If you’ve heard of the alkaline diet, chances are you’ve heard of Robert Young. The “doctor” whose publication of “The pH Miracle” in 2010 made him the authority on the low-acid eating plan, landing him celebrity endorsements from the likes of Jennifer Aniston and Gwyneth Paltrow and appearances on “The Oprah Winfrey Show.” However, Young is now grabbing headlines for another reason: He’s looking at serious jail time.
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The BBC reported last week that Young is facing prison time for a 2016 conviction of practicing medicine without a license — a charge that carries a sentence of up to three years and eight months. So much for that whole doctor thing.
Young was also charged with defrauding terminally ill cancer patients out of money by treating them with baking-soda concoctions with the promise it would cure them of cancer. One of these patients was Naima Houder-Mohammed, a 27-year-old woman who flew from England to California for treatment. She had paid him more than $77,000, but she passed away three months into treatment. He had been treating her with little more than baking soda at the time of her death.
While the results of his treatment are terrifying, his charges resulted in a deadlocked jury. According to the San Diego Union-Tribune he will be retried for theft by fraud and five other charges.
It should be noted that while Young does in fact hold a doctorate in nutrition, it is from a non-accredited correspondence school that no longer exists — meaning he most definitely does not have a medical degree.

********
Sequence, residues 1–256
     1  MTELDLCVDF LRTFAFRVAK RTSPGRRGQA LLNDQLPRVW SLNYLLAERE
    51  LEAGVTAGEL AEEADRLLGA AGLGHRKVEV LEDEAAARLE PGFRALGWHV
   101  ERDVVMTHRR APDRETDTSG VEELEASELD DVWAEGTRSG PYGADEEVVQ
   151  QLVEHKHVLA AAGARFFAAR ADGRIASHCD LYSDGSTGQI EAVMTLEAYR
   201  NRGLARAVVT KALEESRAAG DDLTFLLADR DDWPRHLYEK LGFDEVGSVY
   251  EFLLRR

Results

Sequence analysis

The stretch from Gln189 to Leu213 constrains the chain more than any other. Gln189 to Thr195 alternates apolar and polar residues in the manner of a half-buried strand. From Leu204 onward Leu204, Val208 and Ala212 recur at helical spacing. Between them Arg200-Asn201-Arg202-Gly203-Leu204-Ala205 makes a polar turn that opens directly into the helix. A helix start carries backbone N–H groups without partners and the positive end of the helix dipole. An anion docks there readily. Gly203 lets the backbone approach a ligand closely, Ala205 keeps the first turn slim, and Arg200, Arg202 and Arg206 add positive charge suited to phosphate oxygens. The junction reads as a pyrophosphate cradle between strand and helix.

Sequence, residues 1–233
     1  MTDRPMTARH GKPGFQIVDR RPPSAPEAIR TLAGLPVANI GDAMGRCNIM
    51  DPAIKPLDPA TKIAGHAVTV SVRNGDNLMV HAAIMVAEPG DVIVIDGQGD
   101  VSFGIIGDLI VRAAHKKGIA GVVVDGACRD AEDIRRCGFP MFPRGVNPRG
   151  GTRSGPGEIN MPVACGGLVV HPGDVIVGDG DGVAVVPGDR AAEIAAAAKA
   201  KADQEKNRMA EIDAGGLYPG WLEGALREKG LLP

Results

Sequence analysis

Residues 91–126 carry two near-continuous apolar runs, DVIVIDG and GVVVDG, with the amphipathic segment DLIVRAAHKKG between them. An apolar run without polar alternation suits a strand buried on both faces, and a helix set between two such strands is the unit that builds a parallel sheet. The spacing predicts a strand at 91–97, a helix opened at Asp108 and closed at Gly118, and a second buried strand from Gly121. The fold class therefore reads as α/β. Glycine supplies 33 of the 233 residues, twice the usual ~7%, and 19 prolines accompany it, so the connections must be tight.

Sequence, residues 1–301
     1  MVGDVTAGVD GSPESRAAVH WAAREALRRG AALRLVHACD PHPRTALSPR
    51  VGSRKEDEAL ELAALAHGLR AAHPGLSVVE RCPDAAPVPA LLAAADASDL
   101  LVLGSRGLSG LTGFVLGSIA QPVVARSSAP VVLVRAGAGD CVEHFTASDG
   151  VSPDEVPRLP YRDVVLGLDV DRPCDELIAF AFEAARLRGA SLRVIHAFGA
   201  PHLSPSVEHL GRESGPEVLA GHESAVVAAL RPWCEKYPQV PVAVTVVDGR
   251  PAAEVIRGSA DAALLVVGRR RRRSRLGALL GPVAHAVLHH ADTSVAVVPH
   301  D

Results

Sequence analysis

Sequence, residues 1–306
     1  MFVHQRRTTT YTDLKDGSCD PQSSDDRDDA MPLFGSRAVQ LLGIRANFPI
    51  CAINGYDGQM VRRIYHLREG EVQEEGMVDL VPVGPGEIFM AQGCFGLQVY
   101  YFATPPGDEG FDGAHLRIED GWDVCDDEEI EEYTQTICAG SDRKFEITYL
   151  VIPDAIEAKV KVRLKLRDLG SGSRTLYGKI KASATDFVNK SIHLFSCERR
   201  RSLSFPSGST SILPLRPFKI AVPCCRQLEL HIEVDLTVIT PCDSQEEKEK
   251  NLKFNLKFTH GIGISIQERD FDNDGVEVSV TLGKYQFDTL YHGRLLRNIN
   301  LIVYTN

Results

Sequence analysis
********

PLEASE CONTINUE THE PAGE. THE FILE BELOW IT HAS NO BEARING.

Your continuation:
When reporters asked him if he felt remorse for his actions, he explained that he did not “because of the thousands if not millions of people that have been helped through the [alkaline diet] program.”
The alkaline diet is built around the concept of pH imbalances — that when the body is acidic, it relies on vital organs for minerals like sodium, calcium, magnesium and potassium — which in turn leads to health deterioration. The theory is that an individual can correct this imbalance by consuming foods that have alkalizing reactions in the body, such as fruits, leafy greens and root vegetables. The diet also encourages limiting acidic foods, including sugar, caffeine, animal protein and processed foods.
People who follow an alkaline diet often add baking soda to their regimen to promote alkalinity as well — which was likely Young’s methodology behind treating cancer patients with this household item.
While the diet never garnered much solid scientific backing — other than the fact that foods do vary in pH levels and many of the alkaline diet’s recommended foods are extremely healthy — celebrities were quick to endorse the eating plan. Several articles and books were written on the subject, and high-alkaline diets and cleanses have continued to be created. The latest alkaline fad: bottled alkaline water.
This case should serve as an industry-wide reminder not only to be skeptical of highly publicized health fads until they have some sort of scientific backing, but to also be selective when it comes to who we consider health “experts.”
What Do YOU Think?
Have you tried the alkaline diet? Do you believe Robert Young deserves prison time for his crimes? Do celebrities have too much influence when it comes to health and diet? Share your thoughts in the comments section.